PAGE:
The Caucasus Dialogue. Day 2. An interconnection between Caucasus and the Middle East
On July 28, work within the framework of research and educational program the Caucasus Dialogue – 2016 has continued at the Chechen State Pedagogical University. Pro-rector for General Matters of the university Anzor Gatayev has also participated in the discussions.
Member of the Gorchakov Fund’s Club of Friends Alikhan Israilov is informing about that.
According to him, lectures in economics, foreign policy and terrorism issues have sparked interest of the audience.
Associate Professor at the Department of Foreign Regional Studies and Foreign Policy of the Russian State University for the Humanities Sergey Markedonov made a presentation on interconnections of Caucasus and the Middle East. “The role and influence of Turkey, Iran, Israel on the countries of South Caucasus. The Middle East and North Caucasus. ISIS and Wilayah al-Qawqaz. Priorities of the Russian policy, impact of bilateral relations (between Russia and other countries) on the Caucasus dynamics”, specified the political scientist on his Facebook page.
One of the participants of the Caucasus Dialogue Armen Ayrapetyan shared key theses of the speech by Sergey Markedonov:
“Differences between a foreign policy of post-Soviet Russia and the USSR in the Middle East are the following. The policy of the Soviet Union was based on a revolutionary strategy, was filled with ideological content and could be aligned with logics of the cold war.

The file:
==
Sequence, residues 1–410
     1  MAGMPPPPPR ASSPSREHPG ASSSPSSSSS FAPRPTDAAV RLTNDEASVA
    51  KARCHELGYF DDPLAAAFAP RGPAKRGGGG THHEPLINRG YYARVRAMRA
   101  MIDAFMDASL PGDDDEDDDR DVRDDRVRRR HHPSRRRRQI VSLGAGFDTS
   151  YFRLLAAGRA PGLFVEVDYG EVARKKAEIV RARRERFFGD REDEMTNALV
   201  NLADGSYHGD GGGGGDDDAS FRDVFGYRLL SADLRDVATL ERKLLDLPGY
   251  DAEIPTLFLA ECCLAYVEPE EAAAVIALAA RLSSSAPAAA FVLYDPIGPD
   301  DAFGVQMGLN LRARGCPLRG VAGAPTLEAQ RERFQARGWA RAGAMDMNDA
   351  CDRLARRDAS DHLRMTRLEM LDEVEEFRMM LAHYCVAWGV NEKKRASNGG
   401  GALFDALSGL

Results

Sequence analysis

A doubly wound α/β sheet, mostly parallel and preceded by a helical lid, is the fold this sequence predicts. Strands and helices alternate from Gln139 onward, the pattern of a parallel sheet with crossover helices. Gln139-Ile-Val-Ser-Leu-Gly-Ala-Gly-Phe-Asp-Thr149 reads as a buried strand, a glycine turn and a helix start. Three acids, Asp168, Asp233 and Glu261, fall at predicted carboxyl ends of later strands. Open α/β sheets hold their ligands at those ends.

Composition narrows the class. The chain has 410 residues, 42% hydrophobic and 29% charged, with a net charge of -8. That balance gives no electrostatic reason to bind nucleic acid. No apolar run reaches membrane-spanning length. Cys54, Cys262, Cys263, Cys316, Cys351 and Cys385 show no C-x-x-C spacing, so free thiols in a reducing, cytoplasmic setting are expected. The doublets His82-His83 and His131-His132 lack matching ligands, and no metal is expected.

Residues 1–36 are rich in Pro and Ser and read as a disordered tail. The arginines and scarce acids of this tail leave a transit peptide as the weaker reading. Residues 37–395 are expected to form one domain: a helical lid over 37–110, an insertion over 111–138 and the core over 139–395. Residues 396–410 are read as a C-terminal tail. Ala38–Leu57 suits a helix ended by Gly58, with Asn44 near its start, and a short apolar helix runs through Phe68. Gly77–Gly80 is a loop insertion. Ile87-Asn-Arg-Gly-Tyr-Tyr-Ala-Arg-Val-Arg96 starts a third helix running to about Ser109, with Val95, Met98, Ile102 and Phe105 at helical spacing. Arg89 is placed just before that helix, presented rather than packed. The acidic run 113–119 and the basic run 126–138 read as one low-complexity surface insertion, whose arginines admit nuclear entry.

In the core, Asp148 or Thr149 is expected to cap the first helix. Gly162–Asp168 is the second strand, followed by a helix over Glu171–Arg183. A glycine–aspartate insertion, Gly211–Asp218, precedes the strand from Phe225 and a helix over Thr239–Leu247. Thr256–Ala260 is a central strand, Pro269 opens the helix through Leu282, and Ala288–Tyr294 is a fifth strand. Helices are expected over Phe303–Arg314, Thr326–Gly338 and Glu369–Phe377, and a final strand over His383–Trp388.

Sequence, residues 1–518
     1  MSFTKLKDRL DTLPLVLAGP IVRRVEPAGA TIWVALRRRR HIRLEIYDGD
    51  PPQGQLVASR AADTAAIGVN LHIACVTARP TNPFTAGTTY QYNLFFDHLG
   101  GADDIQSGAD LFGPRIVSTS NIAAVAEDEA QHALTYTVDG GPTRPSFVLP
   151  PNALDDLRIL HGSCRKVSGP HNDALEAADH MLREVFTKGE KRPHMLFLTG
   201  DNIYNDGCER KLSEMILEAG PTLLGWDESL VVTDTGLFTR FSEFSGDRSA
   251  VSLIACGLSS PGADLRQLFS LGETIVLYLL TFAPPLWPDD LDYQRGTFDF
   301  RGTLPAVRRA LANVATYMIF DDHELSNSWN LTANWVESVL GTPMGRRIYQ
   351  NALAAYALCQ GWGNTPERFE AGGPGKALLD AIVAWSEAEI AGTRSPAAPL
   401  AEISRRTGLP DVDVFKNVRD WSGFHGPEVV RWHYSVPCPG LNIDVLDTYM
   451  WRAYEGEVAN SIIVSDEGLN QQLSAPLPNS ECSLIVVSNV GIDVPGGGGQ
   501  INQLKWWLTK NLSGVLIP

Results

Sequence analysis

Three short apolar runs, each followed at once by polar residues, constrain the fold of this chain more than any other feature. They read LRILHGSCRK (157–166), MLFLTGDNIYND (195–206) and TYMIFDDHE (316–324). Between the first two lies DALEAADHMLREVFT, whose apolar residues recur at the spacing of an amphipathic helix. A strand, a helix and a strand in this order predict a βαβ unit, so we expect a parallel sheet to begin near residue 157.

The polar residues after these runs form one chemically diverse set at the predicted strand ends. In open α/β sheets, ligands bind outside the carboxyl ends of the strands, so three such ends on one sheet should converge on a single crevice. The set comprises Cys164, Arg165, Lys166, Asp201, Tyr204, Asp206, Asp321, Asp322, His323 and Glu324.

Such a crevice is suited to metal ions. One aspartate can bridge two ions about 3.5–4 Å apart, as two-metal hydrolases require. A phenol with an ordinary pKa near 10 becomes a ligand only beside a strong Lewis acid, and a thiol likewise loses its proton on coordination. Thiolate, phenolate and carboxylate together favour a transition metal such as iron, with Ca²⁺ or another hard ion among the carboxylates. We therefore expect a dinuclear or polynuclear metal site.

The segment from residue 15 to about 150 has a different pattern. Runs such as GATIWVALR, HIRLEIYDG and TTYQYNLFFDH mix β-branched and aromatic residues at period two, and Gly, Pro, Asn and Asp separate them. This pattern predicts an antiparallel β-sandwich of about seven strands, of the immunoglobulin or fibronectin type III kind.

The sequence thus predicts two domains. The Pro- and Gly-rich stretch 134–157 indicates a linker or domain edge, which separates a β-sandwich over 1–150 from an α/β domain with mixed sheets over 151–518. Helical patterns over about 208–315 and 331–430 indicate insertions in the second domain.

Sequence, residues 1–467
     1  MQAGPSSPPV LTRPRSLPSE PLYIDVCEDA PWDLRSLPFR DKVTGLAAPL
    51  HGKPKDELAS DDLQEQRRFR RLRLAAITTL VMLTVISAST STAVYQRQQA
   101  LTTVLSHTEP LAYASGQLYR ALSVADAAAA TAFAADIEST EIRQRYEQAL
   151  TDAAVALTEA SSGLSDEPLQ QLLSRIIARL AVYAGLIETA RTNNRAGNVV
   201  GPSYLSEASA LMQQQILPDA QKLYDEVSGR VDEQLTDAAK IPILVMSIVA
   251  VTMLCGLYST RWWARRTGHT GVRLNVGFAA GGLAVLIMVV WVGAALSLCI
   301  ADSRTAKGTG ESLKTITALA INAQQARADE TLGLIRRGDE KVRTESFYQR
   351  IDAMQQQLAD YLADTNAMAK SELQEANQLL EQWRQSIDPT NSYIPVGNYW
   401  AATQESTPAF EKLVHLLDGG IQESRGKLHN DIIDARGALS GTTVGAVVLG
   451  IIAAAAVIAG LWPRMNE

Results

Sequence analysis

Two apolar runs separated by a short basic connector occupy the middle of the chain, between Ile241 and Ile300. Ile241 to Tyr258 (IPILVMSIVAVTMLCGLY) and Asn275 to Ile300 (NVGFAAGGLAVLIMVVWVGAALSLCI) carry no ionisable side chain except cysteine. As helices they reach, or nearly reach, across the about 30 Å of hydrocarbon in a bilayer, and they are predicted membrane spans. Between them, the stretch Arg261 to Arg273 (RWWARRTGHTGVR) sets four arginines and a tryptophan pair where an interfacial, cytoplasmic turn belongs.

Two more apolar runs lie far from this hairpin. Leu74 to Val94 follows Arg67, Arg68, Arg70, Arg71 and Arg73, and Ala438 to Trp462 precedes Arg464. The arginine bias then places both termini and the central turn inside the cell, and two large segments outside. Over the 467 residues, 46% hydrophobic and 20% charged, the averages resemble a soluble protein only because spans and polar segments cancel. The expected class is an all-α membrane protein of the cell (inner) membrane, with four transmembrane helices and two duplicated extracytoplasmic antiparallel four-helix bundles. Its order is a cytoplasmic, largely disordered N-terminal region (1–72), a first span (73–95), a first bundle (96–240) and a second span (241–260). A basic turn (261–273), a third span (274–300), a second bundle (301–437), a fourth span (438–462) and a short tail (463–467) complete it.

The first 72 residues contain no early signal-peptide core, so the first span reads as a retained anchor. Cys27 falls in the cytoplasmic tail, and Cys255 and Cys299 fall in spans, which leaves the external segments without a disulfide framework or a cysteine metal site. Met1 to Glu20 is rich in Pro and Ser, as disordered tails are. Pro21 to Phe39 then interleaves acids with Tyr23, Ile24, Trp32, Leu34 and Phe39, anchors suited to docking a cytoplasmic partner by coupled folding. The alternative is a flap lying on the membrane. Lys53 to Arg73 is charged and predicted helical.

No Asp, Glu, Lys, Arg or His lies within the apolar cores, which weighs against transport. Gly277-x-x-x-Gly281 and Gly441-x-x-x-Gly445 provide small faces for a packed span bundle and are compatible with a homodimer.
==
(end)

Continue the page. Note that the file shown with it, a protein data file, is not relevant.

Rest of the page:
The policy of modern Russia is ad-hoc, not transcendental, conservative, protective, based on national egoism, diversified and diverse. The policy of Moscow in many aspects was dictated by internal political motivation, specifically, in the field of security. The Syrian agenda of Russia is related to post-Soviet agenda and contexts.
This is where certain multi-vector nature of the foreign policy in the region comes from.
Common interests with Israel in terms of a perspective on the Great Patriotic War are prevention of revisionism.
Turkish agenda is special for Russia and is complicated by emergence of independent Armenia and Azerbaijan and character of relations of those new countries with Russia and Turkey as well as with each other.
Different views of Russia and Turkey on the events of the “Arab spring” resulted in the events of November of 2015”.